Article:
Despite what I might scream at my therapist, I am not perfect. Like a McDonald’s happy meal toy or any Nicolas Cage movie in the last 20 years, I am deeply flawed. Or, I was.
Since I was a tiny baby, I have had one noticeable weak spot on my body, the thermal exhaust port to my body’s death star. It was not a pretty part of my body, and I imagine it brought great shame to the family. Even now, I blame this flaw for all our misfortune. Our poverty, the death of all my pets, the time I lost the charger to my Gameboy, all the fault of this mar on my body. It was a mole, and it lived on my neck.
When I was young, I was graced with a preternatural gift of personal shame. In 5th grade, I was self-conscious at an 8th-grade level. The brown lump on my neck only exacerbated my already proficient sense of worthlessness. I remember a child running up and poking it, and to this day if I see that child all grown up, I’ll either burst into tears or stab him–maybe both.
When I was an awkward teen, and my body started telling me it wanted to get to know other bodies, I was held back by the blight upon my neck. My body would whisper to me “hey, look at her!” and I would yell through the hormonal buzz “but my neck is really, really gross!” Such were the conversations I had with myself because I was certain girls didn’t want anything to do with such filthy-looking person as me. Nevermind that I had laughably long hair that completely covered it up. I never put it together that the only person who could see the brown monstrosity on my neck was me.
Then, we were in college, the mole and I. Slowly I learned not to care about it. I learned perspective. I also learned to use a ruler and recognize that a 5-millimeter wide brown lump isn’t reason enough to exile myself from society. Then, as any self-imposed anti-socialite will do, I found new, better reasons to keep myself separate. I learned that I disliked people as much as I had once assumed they disliked me. My story is the exact reverse of the standard social outcast: people accepted me but I ran from them because they wanted to do things like talk and bond. Some blossom into social butterflies when they get to college. I stayed a contented caterpillar.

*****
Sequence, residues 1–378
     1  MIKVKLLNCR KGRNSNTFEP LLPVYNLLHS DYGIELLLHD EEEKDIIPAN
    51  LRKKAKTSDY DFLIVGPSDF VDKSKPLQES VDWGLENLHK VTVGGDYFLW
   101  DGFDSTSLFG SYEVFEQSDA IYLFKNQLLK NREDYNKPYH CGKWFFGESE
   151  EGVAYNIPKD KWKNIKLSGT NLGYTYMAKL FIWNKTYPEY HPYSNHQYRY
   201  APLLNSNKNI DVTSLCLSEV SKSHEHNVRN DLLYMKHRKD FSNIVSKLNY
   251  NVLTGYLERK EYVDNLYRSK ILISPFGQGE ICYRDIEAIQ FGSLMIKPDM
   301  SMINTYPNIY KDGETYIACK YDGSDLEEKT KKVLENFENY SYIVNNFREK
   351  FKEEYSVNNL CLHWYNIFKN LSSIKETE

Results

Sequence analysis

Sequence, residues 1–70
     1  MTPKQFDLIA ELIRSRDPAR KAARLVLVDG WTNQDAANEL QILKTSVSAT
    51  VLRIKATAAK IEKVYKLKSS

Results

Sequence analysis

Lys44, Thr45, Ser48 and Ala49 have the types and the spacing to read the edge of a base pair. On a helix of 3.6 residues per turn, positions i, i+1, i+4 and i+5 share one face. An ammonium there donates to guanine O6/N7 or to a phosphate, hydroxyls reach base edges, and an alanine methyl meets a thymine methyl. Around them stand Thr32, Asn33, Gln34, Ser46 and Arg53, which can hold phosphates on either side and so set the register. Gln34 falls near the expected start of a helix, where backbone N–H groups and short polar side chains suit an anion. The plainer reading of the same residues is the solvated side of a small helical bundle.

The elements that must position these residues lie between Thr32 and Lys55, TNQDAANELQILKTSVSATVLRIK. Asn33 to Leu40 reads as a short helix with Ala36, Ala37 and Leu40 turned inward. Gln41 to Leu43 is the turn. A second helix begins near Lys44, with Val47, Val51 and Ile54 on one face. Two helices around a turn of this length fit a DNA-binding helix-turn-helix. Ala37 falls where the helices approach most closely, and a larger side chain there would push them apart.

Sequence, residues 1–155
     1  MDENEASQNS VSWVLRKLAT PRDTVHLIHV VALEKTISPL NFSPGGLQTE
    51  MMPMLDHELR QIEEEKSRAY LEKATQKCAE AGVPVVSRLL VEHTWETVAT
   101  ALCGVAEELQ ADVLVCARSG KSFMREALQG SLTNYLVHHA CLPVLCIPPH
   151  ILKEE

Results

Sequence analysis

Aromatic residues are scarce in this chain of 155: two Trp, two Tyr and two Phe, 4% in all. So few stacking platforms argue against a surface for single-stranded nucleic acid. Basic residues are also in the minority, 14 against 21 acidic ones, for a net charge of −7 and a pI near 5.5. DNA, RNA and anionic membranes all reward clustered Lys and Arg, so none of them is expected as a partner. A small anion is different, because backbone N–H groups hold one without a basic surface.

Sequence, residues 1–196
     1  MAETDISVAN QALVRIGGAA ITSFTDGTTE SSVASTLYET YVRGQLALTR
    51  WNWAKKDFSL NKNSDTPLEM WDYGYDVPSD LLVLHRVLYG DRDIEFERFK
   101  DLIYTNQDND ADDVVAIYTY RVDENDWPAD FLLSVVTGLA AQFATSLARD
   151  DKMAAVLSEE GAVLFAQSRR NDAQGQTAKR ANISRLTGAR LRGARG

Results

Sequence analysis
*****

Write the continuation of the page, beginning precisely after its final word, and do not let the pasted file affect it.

Recently, I was seeing a doctor for a reason entirely unrelated to the thing on my neck. She asked about any unpleasant moles or skin tags, and I turned my head so she could take in the full glory of my gross brown lump. She said, “Oh, we have someone that can get rid of that.” In that moment, the ghost of my teenage self leapt from my chest, shrieked with unbridled joy, and was released into the ether having finally completed its unfinished business that had kept it shackled to Earth.
Before he cut it from me, the doctor asked a question, a probing question of the kind that scours the soul and pierces any fiction to find the truth inside: does it have a name? I whispered: Molga.
Then it was gone. Cut from my body, jarred, and sent to a lab. I imagine it now lives in an underground vault below the CDC.